Much of the new urban land was taken from farmers at prices often no more than 20 per cent of market values, and the amount of available farmland is now close to the minimum level necessary to ensure food security, said the report.

If current trends continue, an additional 34,000 square kilometres - an area about the size of the Netherlands - will be needed to accommodate the growth of cities in the next decade, it added.

China needs to reform the way it expands its cities and curb inefficient urban sprawl, which has sometimes produced ghost towns and wasteful property development, the report said.

On current trends China will spend $US5.3 trillion on urbanisation over the next 15 years - but with more efficient, denser cities the country could save about $US1.4 trillion, or 15 per cent of its gross domestic product last year, World Bank managing director Sri Mulyani Indrawati told a conference in Beijing on Tuesday.

The report proposed six areas for reform including more efficient land management that better benefits farmers, and adjustments to the "hukou" residence registration system to give migrant workers equal access to basic public services.

It also called on Beijing to step up its law enforcement on pollution.

China's Premier Li Keqiang vowed to "declare war" on pollution at the country's annual legislative gathering this month, and announced new measures to add to a raft of others issued over the past year.


Alzheimer's Disease risk may begin in the womb

If you are a  mouse

A pregnant mother's eating habits may influence her unborn child's chances of developing Alzheimer's, new research has suggested.

Scientists found that offspring of mice fed a high-fat diet were more likely as adults to experience impaired blood flow in the brain, a feature linked to the disease.

When the offspring were also fed a high-fat diet their brains became less able to rid themselves of harmful amyloid protein, which accumulates in sticky tangles in the brains of Alzheimer's patients.

More work is needed but the study could have important implications for humans, the researchers believe.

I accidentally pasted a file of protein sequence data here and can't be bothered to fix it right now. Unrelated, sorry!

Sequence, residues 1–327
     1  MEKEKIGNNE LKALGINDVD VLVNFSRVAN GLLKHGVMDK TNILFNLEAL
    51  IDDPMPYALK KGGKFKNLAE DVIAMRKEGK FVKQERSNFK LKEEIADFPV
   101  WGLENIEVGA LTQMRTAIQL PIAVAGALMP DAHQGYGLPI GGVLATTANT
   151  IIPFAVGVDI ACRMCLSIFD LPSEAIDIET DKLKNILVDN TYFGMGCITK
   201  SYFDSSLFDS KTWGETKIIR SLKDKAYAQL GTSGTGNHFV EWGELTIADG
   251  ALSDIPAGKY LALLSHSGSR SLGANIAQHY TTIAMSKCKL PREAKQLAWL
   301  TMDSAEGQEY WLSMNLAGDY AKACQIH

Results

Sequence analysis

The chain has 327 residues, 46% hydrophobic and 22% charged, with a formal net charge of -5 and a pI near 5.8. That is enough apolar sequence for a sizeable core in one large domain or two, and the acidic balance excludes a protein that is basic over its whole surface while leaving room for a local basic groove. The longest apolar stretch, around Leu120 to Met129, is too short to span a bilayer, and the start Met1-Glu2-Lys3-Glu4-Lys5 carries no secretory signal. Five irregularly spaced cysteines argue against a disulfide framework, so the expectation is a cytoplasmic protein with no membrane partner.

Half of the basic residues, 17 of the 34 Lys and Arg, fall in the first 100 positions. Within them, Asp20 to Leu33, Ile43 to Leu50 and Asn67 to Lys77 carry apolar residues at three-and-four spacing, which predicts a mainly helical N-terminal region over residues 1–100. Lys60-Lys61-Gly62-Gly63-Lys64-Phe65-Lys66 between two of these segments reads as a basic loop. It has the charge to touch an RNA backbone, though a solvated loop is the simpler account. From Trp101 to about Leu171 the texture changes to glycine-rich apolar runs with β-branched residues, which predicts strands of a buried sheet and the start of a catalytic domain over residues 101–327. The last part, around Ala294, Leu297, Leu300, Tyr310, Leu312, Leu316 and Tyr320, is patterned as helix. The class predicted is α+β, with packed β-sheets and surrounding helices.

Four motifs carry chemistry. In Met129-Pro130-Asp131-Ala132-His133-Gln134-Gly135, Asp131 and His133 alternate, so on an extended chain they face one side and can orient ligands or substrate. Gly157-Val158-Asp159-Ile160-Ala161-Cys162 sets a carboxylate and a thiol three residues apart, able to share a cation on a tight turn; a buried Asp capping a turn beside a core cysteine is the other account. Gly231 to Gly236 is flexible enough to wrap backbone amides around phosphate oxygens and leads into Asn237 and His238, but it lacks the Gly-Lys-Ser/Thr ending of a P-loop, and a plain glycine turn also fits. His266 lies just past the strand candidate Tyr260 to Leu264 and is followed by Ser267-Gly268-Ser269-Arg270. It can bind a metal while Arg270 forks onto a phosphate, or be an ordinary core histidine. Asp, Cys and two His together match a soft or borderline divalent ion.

Lead scientist Dr Cheryl Hawkes, from the University of Southampton, said: "Our preliminary findings suggest that mothers' diets during pregnancy may have long-term effects on their children's brains and vascular health.

"We still need to do more work to understand how our findings translate to humans, but we have known for some time that protecting mothers' health during pregnancy can help lower the risk of health problems for their children.

"Our next step will be to investigate how our findings could relate to Alzheimer's disease in people. We hope these results could provide a new lead for research to understand how to prevent the disease."

The research was presented at the Alzheimer's Research UK conference taking place in Oxford this week.

Dr Eric Karran, director of research at the charity, which funded the study, said: "It's important to remember that this research is in mice, but these results add to existing evidence suggesting that the risk of Alzheimer's disease in later life is affected by our health earlier in life.

"This study goes one step further by suggesting that what happens in the womb may also be important. We're pleased to have funded this research, which has shed new light on the complex picture of Alzheimer's risk.

"Alzheimer's is a complicated disease and it's likely that our risk is affected by a number of different genetic and environmental factors.

"Research to understand these factors can help equip us to take steps to prevent the disease, but in the meantime, evidence suggests we can lower our risk by eating a healthy, balanced diet, doing regular exercise, not smoking and keeping our blood pressure and weight in check."